Passport to the 21st Century
John Seely Brown, Steve Denning, 
Katalina Groh, Larry Prusak: 
Some of the world's leading thinkers
explore the role of storytelling in the world

 I Introduction to storytelling I John Seely Brown on science I Steve Denning on change I Katalina Groh on video
Larry Prusak on organization I Discussion I | Contact us | Bibliography on storytelling

Storytelling: Organizational Perspective: Larry Prusak
Encouraging positive behaviors 

   So the last thing in terms of enablers that I would want to talk about is encouraging positive behavior. I used to use the word, ďincentingĒ. But itís more like encouraging or demonstrating the behaviors you want to see universalized in the organization. Again, Iíve mentioned earlier that Iíve worked for four or five consulting firms, all of which say that we really value knowledge and intellectual capital. Every one of those organizations only, solely, promoted sales people. And what message does that send? They say, ďWe value this. This is why weíre hiring you. Write articles, books, develop ideas, but weíre only going to promote sales people.Ē 
    Itís like telling kids. Kids learn to be grown-ups by watching adults. And if you tell your kids one thing and act in another way, itís the very first thing they notice, and it gets embedded in them for life. 
   So when people go and join firms, they arenít stupid. They notice when people in the organization say that they do this, but in fact, they do that. This has been known since Hector was a pup. 

   But itís very true when we talk about the knowledge stuff. So while norms get enforced in community, the greater institutionalization of norms comes from the top. 
   So if you are only going to promote sales people, thatís not necessarily a bad thing.  But donít try to say other things though. Say: youíre here to sell. So sell, and youíll get promoted. Theyíd have a very different catch basin of applicants if they said that. People catch on fast.  Itís a very different world. 
   And there are knowledge behaviors that you want to encourage. But they are just the ones that most organizations canít stand. Reflection. Imagine if you took a day. I try, and again, I can get away with it. But Iím very much aware that most people canít. To take a day a week, to read, to reflect, to write. One day a week. Itís not as much as I would like. But itís the minimum. Most people canít do that. They donít have the freedom to do that. And without that, you do the same thing tomorrow as you did yesterday. Because you have no new input to change what youíre doing. Why wouldnít you go on doing the same thing? As long as no one kills you, youíre not destroying anything, you will do tomorrow what you did yesterday. Thatís not always a bad thing. 
    But itís a fast moving world. The world is changing and moving quickly, for reasons of globalization, and technology, and the like. So you might want to spend some time reading, thinking, reflecting and those things are deeply time consuming. You can read on a laptop what you can read on a book. But itís still words that youíre reading. You still have to absorb the words. It doesnít matter about the means of delivery. Itís great that you have ways that you can get things faster  I mean, I like e-mail. I like ordering books on-line. I like downloading articles. But it still takes the same amount of time to read and absorb this stuff.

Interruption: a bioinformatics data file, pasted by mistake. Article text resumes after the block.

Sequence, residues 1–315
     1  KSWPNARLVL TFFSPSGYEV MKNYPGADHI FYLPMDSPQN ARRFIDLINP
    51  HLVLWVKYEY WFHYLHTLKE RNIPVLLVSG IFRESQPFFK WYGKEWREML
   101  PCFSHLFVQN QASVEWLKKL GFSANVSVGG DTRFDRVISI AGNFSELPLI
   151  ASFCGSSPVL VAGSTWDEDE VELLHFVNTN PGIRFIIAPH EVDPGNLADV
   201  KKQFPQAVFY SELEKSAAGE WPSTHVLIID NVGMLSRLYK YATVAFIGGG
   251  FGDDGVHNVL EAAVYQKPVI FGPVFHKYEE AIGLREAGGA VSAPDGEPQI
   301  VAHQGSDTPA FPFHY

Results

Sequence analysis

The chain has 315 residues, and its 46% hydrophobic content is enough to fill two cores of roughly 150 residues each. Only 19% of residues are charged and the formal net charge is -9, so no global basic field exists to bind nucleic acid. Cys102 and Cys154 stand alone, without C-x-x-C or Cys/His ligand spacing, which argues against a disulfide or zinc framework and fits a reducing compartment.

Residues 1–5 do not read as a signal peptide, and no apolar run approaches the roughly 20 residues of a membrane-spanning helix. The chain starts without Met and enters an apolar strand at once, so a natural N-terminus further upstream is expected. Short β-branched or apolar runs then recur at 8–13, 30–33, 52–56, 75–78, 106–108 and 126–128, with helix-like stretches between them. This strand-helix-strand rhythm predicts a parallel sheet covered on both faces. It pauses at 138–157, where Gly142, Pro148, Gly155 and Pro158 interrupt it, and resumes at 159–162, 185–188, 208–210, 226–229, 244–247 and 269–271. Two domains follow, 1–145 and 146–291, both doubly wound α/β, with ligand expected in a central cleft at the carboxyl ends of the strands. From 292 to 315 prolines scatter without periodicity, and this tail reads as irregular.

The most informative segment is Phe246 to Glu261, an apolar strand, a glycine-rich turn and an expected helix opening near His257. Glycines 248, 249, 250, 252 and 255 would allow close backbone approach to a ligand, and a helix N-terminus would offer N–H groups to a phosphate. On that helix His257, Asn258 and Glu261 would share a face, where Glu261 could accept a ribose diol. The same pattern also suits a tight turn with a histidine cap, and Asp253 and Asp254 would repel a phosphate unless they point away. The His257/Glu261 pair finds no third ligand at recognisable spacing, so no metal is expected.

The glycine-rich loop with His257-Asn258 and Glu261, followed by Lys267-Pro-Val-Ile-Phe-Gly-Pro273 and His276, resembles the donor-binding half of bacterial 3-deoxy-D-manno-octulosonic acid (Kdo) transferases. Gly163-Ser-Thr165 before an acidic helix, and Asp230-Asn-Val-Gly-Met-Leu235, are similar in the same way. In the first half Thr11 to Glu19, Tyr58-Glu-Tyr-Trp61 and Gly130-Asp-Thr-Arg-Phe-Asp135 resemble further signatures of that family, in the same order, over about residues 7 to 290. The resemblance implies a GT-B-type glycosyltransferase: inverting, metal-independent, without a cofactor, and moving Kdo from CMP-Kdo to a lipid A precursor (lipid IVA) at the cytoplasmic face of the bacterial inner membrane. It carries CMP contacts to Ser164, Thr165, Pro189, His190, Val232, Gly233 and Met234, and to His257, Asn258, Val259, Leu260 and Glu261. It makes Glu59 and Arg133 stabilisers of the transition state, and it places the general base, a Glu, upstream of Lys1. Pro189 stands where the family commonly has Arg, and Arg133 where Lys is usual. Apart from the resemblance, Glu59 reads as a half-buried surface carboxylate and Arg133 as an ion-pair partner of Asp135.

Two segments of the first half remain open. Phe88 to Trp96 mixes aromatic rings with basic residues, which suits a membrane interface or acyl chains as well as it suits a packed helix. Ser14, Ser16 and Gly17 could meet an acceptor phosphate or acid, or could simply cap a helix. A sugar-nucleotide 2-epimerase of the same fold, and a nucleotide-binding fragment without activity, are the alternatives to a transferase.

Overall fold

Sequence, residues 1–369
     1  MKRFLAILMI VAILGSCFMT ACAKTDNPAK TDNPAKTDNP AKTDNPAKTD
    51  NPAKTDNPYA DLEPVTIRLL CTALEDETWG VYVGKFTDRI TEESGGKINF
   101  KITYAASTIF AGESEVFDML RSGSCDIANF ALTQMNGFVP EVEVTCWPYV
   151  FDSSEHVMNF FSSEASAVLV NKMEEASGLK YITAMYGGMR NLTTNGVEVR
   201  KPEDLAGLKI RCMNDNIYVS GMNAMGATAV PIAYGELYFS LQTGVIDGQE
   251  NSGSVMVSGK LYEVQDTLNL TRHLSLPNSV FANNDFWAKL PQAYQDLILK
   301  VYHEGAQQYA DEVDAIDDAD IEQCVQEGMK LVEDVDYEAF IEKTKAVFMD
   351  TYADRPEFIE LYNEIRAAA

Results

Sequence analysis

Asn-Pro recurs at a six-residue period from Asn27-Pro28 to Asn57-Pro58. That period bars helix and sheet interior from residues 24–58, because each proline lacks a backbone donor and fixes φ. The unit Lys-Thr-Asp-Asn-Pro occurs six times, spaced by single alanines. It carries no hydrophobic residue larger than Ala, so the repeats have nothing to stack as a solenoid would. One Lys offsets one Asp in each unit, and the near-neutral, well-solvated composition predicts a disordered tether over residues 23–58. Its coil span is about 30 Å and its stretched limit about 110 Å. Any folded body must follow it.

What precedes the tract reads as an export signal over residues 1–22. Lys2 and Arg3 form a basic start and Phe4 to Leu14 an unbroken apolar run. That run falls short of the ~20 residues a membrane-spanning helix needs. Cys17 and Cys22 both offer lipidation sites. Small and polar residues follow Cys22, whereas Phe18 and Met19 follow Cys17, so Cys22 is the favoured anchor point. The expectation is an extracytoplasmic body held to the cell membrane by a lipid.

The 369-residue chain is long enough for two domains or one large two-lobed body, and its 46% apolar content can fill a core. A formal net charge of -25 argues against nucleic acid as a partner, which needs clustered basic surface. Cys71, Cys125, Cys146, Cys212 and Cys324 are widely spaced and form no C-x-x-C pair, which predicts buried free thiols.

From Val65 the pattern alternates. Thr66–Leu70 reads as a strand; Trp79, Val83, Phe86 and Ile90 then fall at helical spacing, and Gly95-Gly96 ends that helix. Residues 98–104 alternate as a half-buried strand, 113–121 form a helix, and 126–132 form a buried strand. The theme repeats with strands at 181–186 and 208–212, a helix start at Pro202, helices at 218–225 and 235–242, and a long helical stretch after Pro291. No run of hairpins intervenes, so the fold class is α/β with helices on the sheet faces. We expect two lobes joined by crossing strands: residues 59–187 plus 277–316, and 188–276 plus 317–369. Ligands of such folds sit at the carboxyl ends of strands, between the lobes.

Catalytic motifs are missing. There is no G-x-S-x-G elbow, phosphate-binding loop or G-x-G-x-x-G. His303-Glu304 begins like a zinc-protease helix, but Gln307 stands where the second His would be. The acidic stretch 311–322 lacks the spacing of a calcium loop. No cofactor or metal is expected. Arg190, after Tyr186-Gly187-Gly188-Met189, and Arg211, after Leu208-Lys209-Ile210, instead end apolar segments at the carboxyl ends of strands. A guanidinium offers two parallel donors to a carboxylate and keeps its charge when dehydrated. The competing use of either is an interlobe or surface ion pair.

We are really confusing two things here. So without time for reflection, and without acknowledging and encouraging behaviors that lead towards knowledge reflection, you wonít have new knowledge and you wonít absorb the knowledge you get. You can absorb data. You can absorb information. But knowledge takes time.
   You know, it still takes the same amount of time to learn French as it five hundred years ago. With all the tools we have, I donít see any change. I mean, you can learn it a more fun way than memorizing verbs on a blackboard. It might be more fun using a PC, but it takes the same amount of time. There are core irreducibilities in working with knowledge that we just canít change. It hasnít changed yet.
   So those are the leading activities of the firms who do this well. I would say about half the firms that have big knowledge projects under way, about half succeed because they have some metric for success, some milestone for success, and reach that. I would say that half fail. Now the technology doesnít fail. And people donít admit theyíve failed. What happens is two or three years later, people ask, ďWhatever happened to this knowledge management project?Ē
   And people say, ďOh, it went this way or that.Ē Itís mulch. Itís polenta. No one got excited. It didnít transform the organization. 
    Unlike the Navy, which is being transformed by some of the policies. Unlike the World Bank. I mean we could start naming groups that are being transformed, with really exciting, lively, interesting things are going on, around knowledge. And thatís really a win. It may be hard to measure it in a pointillist fashion. But itís a win
Books and videos on storytelling 
*** In Good Company : How Social Capital Makes Organizations Work
by Don Cohen, Laurence Prusak (February 2001) Harvard Business School Press
*** The Social Life of Information, by John Seely Brown, Paul Duguid
(February 2000) Harvard Business School Press
*** The Springboard : How Storytelling Ignites Action in Knowledge-Era Organizations
by Stephen Denning (October 2000) Butterworth-Heinemann 
*** The Art of Possibility, a video with Ben and Ros Zander : Groh Publications (February 2001)
Copyright © 2001 Larry Prusak 
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